Monday, December 19, 2016

Christmas Hymn: The Morning After Jesus' Birth

Here is a hymn for this Christmas season. If you download the graphic, it should be large enough to reproduce well.

 
The morning after Jesus’ birth
no angels hovered near the earth;
the shepherds left to tend their sheep
and Bethlehem awoke from sleep.
The world was changed when Jesus came,
and yet, too much remains the same
as evil seems to keep its hold,
despite what prophet songs foretold.

We sing the angels’ song of peace
and wait for rage and war to cease.
And wait, with faith the world finds odd,
to greet the promised reign of God.
That reign is here, but upside-down,
for Jesus claimed no earthly crown
and shunned the use of hate and might
to turn the world from wrong to right.

At times that reign is hard to see,
and not where we would have it be.
It grows among the poor and weak
in places most refuse to seek.
As seeds take root in barren ground
so can the reign of God be found,
for Love has come and blossoms still
when we have faith and do God’s will.


LMD; suggested tune: YE BANKS AND BRAES
Adam M. L. Tice, December 7, 2016; ©GIA Publications, Inc.


Friday, October 21, 2016

Column in Reformed Worship

Reformed Worship has published a series of columns by Dr. David Music on hymn writers and composers. My work was featured in the December 2015 issue, which is now available online.  It is an insightful and detailed analysis.  Read it here:
http://www.reformedworship.org/article/december-2015/echo-voice-god

Wednesday, August 3, 2016

New Sally Morris collection

Ok, I'm pretty biased because there are more than a few of my texts included... 25, to be exact...
But Sally Ann Morris' new tune collection is spectacular.
Her setting of Mary Louise Bringle's text "You Search Me and Know Me, O My God" alone is worth the cost of the book.
I love that Sally finds a "voice" for each writer she works with. (For my texts she leans towards jazz.) That means there is substantial stylistic variety in the collection. Some future musicologist should compare how she sets her various writers' work.
Many of the tunes for my work have been previously published in my last few collections; however, there are still several new discoveries to enjoy; newly written tunes for my older texts, and one text never before published.
Head over to GIA to order your copy.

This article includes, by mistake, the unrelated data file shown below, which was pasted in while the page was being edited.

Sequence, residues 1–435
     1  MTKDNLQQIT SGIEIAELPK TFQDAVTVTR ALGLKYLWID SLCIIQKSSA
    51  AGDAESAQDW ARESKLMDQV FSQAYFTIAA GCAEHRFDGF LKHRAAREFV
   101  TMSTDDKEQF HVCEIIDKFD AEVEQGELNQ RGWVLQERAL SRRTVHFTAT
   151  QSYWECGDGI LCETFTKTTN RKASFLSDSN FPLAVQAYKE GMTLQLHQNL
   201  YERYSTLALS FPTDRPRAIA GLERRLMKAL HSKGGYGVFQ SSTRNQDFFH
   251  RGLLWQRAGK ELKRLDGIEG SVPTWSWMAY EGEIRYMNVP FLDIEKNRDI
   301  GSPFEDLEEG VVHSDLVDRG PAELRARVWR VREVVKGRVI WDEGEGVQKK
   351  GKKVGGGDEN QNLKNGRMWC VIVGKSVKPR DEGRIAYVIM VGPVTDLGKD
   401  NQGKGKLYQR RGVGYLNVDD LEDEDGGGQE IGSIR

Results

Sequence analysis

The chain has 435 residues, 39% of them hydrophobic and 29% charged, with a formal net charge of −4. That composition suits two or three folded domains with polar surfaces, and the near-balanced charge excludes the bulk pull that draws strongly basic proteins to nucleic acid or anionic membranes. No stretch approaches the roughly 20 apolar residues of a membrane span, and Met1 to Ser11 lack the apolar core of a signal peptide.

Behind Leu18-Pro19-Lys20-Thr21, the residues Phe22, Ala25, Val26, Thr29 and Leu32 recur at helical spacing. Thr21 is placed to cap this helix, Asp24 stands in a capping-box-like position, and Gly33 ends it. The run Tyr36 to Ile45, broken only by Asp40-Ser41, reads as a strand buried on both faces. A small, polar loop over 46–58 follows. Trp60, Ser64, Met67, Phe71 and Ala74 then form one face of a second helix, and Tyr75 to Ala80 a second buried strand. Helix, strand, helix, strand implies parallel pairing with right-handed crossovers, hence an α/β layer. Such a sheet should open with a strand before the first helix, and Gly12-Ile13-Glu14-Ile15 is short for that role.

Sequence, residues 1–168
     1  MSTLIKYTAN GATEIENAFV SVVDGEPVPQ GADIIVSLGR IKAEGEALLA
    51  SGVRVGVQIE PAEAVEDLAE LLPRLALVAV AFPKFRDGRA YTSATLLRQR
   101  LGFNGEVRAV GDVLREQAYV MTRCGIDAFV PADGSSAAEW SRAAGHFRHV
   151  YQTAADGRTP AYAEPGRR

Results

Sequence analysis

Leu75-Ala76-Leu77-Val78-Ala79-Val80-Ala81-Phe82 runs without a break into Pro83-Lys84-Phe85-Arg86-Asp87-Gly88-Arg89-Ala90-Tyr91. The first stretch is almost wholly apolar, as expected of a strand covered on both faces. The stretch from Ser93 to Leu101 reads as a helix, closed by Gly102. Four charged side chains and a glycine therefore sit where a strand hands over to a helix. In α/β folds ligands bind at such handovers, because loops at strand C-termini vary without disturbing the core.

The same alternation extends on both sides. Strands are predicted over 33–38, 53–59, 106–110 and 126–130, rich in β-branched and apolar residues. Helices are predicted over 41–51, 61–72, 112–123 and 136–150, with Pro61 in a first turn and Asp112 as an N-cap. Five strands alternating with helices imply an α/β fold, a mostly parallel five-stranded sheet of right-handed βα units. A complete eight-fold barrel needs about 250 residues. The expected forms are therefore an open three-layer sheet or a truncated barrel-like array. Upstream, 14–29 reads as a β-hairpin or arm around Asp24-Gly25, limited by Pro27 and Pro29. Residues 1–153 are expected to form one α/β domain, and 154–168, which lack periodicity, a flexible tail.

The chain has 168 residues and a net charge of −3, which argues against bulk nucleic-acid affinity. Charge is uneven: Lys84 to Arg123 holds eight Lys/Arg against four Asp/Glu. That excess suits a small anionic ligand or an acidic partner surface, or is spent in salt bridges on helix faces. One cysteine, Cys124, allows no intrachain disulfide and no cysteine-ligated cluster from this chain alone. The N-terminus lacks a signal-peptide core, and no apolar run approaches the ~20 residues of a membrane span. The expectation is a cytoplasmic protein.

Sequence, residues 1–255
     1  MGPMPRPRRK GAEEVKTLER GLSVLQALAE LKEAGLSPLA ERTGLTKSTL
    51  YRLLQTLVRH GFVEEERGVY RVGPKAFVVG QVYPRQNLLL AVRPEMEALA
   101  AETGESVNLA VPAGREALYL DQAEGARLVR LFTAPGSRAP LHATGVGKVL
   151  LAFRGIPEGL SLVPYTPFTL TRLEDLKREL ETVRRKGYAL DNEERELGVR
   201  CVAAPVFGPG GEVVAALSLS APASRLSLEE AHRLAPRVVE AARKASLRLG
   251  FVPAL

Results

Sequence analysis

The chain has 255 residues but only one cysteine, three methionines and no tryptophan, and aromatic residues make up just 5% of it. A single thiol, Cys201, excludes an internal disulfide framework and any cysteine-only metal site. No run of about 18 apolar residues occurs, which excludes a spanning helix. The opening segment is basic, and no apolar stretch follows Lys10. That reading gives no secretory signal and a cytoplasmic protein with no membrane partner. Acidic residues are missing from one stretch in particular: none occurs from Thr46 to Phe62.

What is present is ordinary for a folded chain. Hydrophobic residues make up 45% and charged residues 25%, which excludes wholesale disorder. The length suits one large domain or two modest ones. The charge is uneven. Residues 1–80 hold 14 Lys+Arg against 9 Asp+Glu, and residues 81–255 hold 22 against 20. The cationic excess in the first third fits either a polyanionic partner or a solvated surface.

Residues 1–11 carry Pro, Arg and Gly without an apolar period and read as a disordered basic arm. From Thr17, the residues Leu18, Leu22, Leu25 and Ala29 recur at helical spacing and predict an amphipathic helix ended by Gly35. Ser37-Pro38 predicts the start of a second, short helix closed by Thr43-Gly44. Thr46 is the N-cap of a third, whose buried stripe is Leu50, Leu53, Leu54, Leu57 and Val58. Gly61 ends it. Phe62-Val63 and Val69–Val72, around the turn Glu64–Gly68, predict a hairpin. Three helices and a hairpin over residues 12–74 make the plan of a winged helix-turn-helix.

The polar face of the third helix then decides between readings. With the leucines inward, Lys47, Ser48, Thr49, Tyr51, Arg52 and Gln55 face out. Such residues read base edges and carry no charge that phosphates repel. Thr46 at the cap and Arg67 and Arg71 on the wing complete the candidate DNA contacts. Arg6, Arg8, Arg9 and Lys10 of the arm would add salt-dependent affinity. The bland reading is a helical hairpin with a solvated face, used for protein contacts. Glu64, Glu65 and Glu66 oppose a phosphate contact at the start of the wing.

See also Sally's previous two books: To Sing the Artists' Praise, and Giving Thanks in Prayer and Song.
Sally and I also collaborated on a recording: Walk in Peace.

Wednesday, June 15, 2016

Let Speeches Fall Silent--a hymn after the Orlando massacre

Permission is granted for free use of this hymn during October, 2017.

Here is a new text, along with two possible tunes. Click on the tune images for full-sized versions.  This hymn may be freely used through July 31, 2016.

Let speeches fall silent and platitudes cease
from hawkers of violence they brand as “peace.”
Let people who suffer find places to speak,
and holders of power give way to the weak.

Let teachers of hatred, suspicion, and fear,
and those who would kill for the views they hold dear,
be turned from their ways and disarmed of their wrath
to walk on a new, more compassionate path.

Forgive us the times we neglected to act;
forgive our excuses for courage we lacked.
God, teach us the wisdom that leads us to grace:
your image is found in our enemy’s face.

Adam M. L. Tice, June 15, 2016
©2016 GIA Publications, Inc.



Monday, May 2, 2016

In Tune Presentation



This is really long and full of all kinds of scratch-the-surface stuff squeezed into a TED-talks style format. It is a presentation I shared at Bethany Theological Seminary's In Tune conference in April. I was asked to introduce my work and to talk about being a hymn writer. (My presentation followed one from a "contemporary praise and worship" musician/pastor, and so much of what I said is about blurring genre lines and finding synthesis.)
If you only have time for one piece, jump to 49:35 for "The Mountain of God" with Sally Morris' awesome tune TO THE BRINK. I wish the recording picked up more of the congregation--they really rocked!

Tuesday, March 8, 2016

Writing the Church's Song--Save the dates!

The Hymn Society in the United States and Canada is hosting "Writing the Church's Song" in September.  The announcement is below. I'm thrilled to be working with Sally Morris and David Bailey to promote good craft in congregational song.


Save the Date!  We will offer a workshop retreat for poets and composers of all styles of congregational song in September, 2016.  Outstanding faculty will guide participants, providing insights from their own writing process and offering feedback.  There will be time for small group interaction and ample time for individuals to work on their own projects.  The workshop will be held at Richmond Hill, an ecumenical community in the heart of Richmond, Virginia.